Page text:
Heat waffle iron to medium-high heat. Preheat oven to 200°F with oven rack in center position. Place a cooling rack inside a baking sheet inside the oven, for keeping the first few waffles warm while you finish the batch.
Whisk together these ingredients in a glass measuring cup:
1 large egg
2 Tbsp. canola oil (or melted butter)
1/2 tsp. baking soda
2 pinches salt
Pour the mixture into the pumpkin-sourdough starter and fold together, just until evenly combined. The buttermilk and baking soda will react, and the batter will become rather bubbly and rise in the bowl. Let the batter rest on the counter for about 10 minutes before you proceed with making the waffles.
Follow manufacturer’s instructions for making the waffles, transferring them to the oven to keep warm until ready to serve.
As with art, music and just about everything else in life, appreciation of food is subjective. When I learned recently that September is “Better Breakfast Month,” I wasn’t sure what to make of it. “Better” can mean any number of things—qualitative and quantitative. At our house, we are always aiming for our version of a better breakfast in that we actually sit down and eat the meal. Together. At the table. It’s a terrific concept, and we’re committed to keeping that going!
We have a few favorite breakfasts in regular rotation, the most common of them being what we lovingly refer to as “Jewish Boy Breakfast,” or JBB, as I like to call it on my menu planning spreadsheet (yes, I’m really that nerdy). This morning meal is the namesake of my darling husband, Les, who is Jewish and raised in New York, the best city in the world for Jewish food. A typical JBB at our house looks like this:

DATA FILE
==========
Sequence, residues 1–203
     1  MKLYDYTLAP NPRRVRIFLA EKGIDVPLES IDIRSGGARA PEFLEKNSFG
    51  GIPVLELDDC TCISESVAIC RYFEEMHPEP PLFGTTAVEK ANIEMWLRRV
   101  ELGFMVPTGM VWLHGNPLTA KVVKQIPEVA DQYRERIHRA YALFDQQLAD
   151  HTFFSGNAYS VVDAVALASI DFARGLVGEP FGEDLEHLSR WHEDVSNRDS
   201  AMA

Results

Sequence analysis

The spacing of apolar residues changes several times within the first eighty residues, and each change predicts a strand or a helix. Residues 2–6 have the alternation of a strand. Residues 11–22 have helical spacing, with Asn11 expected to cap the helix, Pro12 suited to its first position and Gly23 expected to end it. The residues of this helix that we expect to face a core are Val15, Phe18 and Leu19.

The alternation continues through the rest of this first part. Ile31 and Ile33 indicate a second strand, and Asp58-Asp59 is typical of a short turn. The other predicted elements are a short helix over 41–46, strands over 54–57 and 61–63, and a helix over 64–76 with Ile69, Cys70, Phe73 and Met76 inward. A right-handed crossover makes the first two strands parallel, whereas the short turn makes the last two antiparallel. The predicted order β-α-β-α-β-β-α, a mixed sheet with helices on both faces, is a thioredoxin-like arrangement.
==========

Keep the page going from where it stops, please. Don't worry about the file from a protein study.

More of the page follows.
It’s a whole wheat everything bagel, topped with spreadable scallion cream cheese, thin slices of red onion, capers (on mine, anyway) and lox. We are lucky to have a reliable source of fresh-daily bagels in our city, otherwise I would have to bake them myself (which I’ve done exactly twice, and wow, what a project). The cream cheese is a homemade schmear that’s super easy to make yourself (check out that link above), and we are forever on the lookout for a sale on lox, because this salty cold-smoked salmon can get pricey.
In case you’re wondering, there is in fact a side of bacon on the plate—which clearly is not part of a balanced Jewish breakfast. I never said he was devout.
JBB has a special role in our love story as well. During our courtship, I straddled the fence about getting serious with Les, following too much drama and heartbreak in my own past. About eight months in, we had a huge snowstorm (in North Carolina, that means more than two inches of snow at once), and though he had been willing to run a bunch of random errands in such conditions, he declined my invitation to dinner. Better to “play it safe,” he said, given the weather and all. In response, I decided to play it safe by being hurt, and I went to bed feeling sorry for myself. Next morning, I was awakened by a text from Les—“why aren’t you answering your door?” I hadn’t heard him knocking, but there he stood—in the middle of a blizzard, people!—sporting a hat with flaps that covered his ears, and holding a bag of fresh bagels plus all the proper accoutrements. The man had risked his very life to be with me. OK, not exactly—but he had shown me (again) that he was different and dependable, so I married him. ❤ And I do love a JBB.